Recommended Reading

Submitted by Henry J Laufenberg on

Memoir is a genre that takes life on a literary journey.  Memoir’s transformation of life into literature doubles a common theme most memoirs engage: the transformation and often transcendence of the individual.  Memoirs primarily focus on developing themes through a limited selection of real-life stories about their authors.  This is what primarily differentiates memoir from autobiography, a more “life as history” oriented subgenre that tends to trace a life from beginning to end (the end being of course the writing of the autobiography).

Books featured in this article are all memoirs recommended by English Matters editor Henry Laufenberg.  I fell under memoir’s spell around when COVID hit, and have spent much of my quiet time since reading what other people make of themselves and the world.  Below are four memoirs well-worthy of one’s time and attention.  Happy reading!


Educated: A Memoir by Tara Westover (Random House, 2018)

Educated: A Memoir plays in your mind long after you’ve finished reading.  Author Tara Westover harrowingly recounts her abusive upbringing essentially captive to isolated fundamentalist survivalist parents in rural Idaho.  Young Tara is thoroughly infused with her parents’ distorted and extreme world views.  Educated describes her gradual awakening as she advances through the processes of education and educational attainment.  As she slowly grows out of a miserable, confining world, Westover catalogues constant psychic struggle on multiple-levels–internally, with familial and outside relationships, with institutions, with god.  Over the course of decades, Westover finally arrives at a stable understanding of the world and who she might continue to become in it.  Educated: A Memoir is a powerful story very well told, both deeply frustrating and undeniably inspirational, that deserves the many awards critics showered upon it soon after publication.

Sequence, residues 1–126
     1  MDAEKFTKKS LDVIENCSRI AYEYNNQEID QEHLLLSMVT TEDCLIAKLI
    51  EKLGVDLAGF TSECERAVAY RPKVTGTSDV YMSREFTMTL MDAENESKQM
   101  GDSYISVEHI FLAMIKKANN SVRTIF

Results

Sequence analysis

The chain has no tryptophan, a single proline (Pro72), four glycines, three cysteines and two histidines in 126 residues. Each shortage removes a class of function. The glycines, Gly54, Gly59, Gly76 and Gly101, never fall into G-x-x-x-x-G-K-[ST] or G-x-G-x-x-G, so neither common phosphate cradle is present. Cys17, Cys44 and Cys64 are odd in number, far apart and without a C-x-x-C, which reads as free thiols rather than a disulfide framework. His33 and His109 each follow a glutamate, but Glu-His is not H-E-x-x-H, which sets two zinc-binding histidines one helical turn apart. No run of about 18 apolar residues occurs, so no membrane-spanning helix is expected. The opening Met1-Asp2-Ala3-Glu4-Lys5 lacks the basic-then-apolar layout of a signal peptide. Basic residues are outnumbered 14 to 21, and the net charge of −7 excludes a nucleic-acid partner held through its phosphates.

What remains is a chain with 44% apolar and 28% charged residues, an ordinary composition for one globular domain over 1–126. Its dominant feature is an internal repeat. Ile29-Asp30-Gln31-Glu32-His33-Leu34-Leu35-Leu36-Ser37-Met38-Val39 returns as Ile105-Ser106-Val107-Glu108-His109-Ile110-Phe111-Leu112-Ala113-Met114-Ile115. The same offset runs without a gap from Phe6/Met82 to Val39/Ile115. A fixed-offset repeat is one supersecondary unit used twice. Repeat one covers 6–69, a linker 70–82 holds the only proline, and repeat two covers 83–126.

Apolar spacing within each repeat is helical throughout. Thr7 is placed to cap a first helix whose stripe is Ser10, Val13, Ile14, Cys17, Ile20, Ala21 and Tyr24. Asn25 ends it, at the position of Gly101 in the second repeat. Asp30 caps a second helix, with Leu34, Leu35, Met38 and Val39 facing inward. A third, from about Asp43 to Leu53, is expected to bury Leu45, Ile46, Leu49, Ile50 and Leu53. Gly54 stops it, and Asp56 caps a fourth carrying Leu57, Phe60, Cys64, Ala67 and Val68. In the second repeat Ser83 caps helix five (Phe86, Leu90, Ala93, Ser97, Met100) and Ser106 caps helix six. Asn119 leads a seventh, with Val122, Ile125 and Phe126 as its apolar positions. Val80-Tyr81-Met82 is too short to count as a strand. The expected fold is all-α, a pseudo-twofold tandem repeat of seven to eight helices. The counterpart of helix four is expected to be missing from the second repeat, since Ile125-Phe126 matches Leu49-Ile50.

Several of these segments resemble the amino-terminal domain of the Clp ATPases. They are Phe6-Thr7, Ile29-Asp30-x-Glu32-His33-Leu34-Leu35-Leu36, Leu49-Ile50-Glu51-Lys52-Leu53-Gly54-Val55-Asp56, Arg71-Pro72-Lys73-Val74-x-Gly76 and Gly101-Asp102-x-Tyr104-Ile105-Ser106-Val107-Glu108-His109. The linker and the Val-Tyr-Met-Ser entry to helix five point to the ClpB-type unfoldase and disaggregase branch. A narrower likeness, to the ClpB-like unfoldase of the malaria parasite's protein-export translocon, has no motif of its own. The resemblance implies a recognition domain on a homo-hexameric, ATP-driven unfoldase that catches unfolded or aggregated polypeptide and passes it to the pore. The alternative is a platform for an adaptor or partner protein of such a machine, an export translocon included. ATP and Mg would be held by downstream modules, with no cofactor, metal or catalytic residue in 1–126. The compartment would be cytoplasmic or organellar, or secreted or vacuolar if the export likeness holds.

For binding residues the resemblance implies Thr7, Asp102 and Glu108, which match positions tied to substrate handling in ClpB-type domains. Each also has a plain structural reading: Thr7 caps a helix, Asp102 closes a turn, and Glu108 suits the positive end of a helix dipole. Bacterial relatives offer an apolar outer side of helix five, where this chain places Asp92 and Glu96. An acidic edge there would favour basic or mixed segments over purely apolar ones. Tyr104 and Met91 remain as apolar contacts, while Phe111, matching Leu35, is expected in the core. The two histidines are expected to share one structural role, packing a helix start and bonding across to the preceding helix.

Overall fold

Quitter: A Memoir of Drinking, Relapse, and Recovery by Erica C. Barnett (Penguin, 2020)

Erica C. Barnett is a high-priest of moving eyes across pages.  Quitter: A Memoir of Drinking, Relapse and Recovery is characteristically chock-a-block with Barnett’s bold, snappy, cranky prose, a “house-style” doubtlessly tailored from years of churning simultaneously engaging and serious critical content for for-profit news and public affairs media.  Like many recovery narratives, Quitter is honest, messy, and at times unseemly, but also offers plenty of analytic content, sparing the reader an exercise in pure voyeurism.  Unlike most recovery narratives though, Barnett’s recovery—predictably given her baseline iconoclasm—doesn’t follow the typical blueprint.  Rather, Barnett traces her own path in considered contrast to some conventional recovery praxis.  And beyond Barnett’s story of addiction, recovery, repeat, in its minor key, Quitter is a delightfully juicy tell-all, focused on the pantheon of Seattle alt-media luminaries of the early 2000’s.  This time was arguably the golden age of alternative media in our progressive burg Seattle, as the internet superseded paper media and many more voices occupied the local news space.  Behind a penetrable courtesy veil of nearly on-the-nose pseudonyms, Barnett’s lens unabashedly elevates or throws under buses as it sees fit, giving journalists we’ve read avidly for years dimensions they might or might not appreciate.  Juicy content, but not without value—Barnett’s project here ruminates thematically on how a brash, defensive pessimist can be honest with, and about, herself and others.  No scabs are left unpicked; sunlight and fresh air ultimately have healing effects.